Anonymous said: are pitches nerve-wracking? have you ever had any rough moments, like dead silence after a joke you thought would be funny? tell us about pitching an episode, owen!
So a pitch goes basically like this:
1) Schedule some time on JG’s calendar to pitch the board.
2) Pin all our storyboards up on some gigantic foam core boards. If the episode needs music, usually one of us will set that up and we’ll figure out when we want to play it and rehearse that part real quick.
3) The actual pitch.
5) Redraw and rework whatever got notes and find another day to pitch on.
6) Repeat 2-4 but this time do a group pitch with the other story boarders getting to watch as well.
7) Do final revisions and hand them in.
I don’t usually go into a pitch nervously, I’m always about 80-90% confident that what I’ve made was what JG wanted. If it’s not what he actually asked for, it’s at least in the spirit of what he asked for.
There are usually a couple jokes where Toby and I are like “ehhhhh they’ll probably want to cut this” because it’s not in the style of the show or it’s too obtuse or something. There’s one episode I remember going in and thinking “There’s no way they’re going to like any of this, we got really weird in this one” and they ended up loving it and wanting more. It’s very hard to guess.
Pitches absolutely have jokes that fall flat. One of the more frustrating things is when they fall flat in the very beginning of the story, because sometimes that will make it so people might be thinking of alternates to that joke or something and become a little distracted, missing other jokes later. Then there’s just silence for awhile. That’s hard. It’s just human nature though, it’s what happens. Happens to me too when I watch someone else’s pitch.
After we pitch, JG and the other writers walk around the room and point at various spots that they think need work. It might be that they want a little bit of a structural change or that a joke could be funnier. Occasionally JG will suggest a design change on a character or a background or something.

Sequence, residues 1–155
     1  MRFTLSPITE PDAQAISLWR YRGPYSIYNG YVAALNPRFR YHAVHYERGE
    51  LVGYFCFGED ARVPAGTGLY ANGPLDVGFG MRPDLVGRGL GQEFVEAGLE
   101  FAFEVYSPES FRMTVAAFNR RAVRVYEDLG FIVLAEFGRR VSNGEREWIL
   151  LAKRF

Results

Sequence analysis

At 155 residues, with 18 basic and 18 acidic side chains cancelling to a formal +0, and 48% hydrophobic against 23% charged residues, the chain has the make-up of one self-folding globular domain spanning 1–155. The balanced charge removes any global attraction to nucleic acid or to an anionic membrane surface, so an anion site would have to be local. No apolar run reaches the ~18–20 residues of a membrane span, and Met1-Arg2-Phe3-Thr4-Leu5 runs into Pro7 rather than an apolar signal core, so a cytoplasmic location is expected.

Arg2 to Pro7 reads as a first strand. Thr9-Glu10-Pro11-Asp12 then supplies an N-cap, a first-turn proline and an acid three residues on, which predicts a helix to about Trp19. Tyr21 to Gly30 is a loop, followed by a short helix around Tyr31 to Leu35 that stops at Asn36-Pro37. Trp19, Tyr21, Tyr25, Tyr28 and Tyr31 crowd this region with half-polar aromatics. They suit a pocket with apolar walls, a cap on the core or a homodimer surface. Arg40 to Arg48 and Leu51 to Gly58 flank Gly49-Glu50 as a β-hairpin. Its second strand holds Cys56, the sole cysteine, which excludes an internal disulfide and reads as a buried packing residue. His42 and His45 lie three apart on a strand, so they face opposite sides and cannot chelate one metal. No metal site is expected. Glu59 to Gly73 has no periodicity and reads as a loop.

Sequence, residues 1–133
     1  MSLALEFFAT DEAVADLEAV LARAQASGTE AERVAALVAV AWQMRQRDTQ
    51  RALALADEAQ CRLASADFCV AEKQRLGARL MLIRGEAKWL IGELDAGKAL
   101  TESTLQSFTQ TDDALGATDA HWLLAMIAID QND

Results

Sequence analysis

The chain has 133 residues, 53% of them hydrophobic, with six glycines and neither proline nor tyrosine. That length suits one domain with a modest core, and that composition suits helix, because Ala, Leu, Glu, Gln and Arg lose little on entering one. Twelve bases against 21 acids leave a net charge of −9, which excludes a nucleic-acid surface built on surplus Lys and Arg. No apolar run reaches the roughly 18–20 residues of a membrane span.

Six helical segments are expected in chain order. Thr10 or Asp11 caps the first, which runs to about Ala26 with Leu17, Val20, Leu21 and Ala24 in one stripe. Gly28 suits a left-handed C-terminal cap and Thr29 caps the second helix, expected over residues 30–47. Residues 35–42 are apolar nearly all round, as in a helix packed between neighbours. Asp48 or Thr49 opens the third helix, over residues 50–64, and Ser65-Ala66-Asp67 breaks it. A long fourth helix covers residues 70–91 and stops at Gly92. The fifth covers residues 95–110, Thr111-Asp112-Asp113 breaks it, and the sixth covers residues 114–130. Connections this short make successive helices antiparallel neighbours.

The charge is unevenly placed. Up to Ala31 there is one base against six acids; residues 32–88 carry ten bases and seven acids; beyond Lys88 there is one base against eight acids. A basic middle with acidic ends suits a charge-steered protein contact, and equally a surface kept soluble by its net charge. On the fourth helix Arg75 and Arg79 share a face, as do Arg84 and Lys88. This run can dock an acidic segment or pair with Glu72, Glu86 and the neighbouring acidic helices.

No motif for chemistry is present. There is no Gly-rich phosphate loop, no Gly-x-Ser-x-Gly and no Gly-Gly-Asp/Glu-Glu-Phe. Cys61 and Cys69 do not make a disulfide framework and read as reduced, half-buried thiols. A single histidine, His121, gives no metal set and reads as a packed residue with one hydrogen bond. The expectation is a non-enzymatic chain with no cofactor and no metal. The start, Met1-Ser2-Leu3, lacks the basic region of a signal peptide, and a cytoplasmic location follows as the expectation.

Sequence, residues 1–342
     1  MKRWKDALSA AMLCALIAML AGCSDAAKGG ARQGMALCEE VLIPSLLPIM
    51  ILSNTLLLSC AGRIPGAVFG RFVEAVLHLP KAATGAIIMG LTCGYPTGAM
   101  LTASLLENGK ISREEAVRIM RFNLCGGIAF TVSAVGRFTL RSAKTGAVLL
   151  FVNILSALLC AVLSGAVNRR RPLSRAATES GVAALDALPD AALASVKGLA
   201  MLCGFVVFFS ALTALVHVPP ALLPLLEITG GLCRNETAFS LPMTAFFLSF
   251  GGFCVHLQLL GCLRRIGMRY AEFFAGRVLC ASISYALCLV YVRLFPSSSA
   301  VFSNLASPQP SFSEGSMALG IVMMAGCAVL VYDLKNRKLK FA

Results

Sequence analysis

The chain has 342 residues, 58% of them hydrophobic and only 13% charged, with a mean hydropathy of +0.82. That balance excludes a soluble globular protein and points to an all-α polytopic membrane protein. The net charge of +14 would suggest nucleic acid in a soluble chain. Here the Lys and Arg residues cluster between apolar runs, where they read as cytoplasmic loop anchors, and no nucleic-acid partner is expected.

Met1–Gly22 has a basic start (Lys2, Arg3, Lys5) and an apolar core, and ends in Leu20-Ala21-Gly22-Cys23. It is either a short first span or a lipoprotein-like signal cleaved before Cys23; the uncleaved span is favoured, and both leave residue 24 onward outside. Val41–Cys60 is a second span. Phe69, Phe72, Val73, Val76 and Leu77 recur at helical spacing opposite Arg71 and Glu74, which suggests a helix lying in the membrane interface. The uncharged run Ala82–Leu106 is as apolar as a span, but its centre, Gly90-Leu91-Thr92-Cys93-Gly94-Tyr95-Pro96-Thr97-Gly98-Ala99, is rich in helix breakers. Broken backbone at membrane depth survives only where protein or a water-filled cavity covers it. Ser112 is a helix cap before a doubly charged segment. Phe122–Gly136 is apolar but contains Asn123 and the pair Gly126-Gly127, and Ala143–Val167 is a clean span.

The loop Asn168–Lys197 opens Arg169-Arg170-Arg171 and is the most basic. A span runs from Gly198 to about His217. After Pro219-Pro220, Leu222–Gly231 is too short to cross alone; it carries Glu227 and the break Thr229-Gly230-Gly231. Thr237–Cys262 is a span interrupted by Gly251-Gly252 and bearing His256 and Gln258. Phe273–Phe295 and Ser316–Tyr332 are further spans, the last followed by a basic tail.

I had many, many problems doing the designs for the satellite in Portable Toilet. Every satellite I drew ended up looking like a penis. I couldn’t not make them look like a penis! Eventually I tried to model it after a spider and gave it to JG. JG drew a different design from that and I used his.
One of the things I personally really like is seeing everyone’s different pitching styles. Everyone has a unique way that they go about getting people on board with the pitch, because it’s as much a performance as it is a presentation. I think getting the audience to side with you immediately, even when they’re a whole bunch of people you’ve known for years, is extremely important in pitching.
I really like Toby’s style of pitching because it’s very matter of fact. Every time he pitches he stays so straight and never accidentally laughs while he’s talking. He’s really good at it. Minty’s pitches are very funny because they’re like listening to a friend tell a funny story. It’s very conversational sounding. Maddie performs and moves around a lot. It’s like watching an actor. Benton makes a lot of sound effects. Calvin is also pretty matter of fact, but I almost don’t even remember how he pitches because I love his drawings so much. Ryan laughs while he’s talking sometimes, which is just how he is in non-pitching real life anyway.
When I pitch I almost always end up talking to the audience in an aside. I think it’s a style I picked up when I was a teacher to try and keep the students alert. Like I’ll say the line that I wrote or point at a picture or something and then say “You know though right? Yeah you know, you get it! JG stop writing! So then Mordecai’s like…”
All these different ways of pitching are very fascinating to me. You see a different side of people when they pitch versus when you have a one on one conversation with them.
A writer/storyboard artist on Regular Show explains the process of pitching on the show.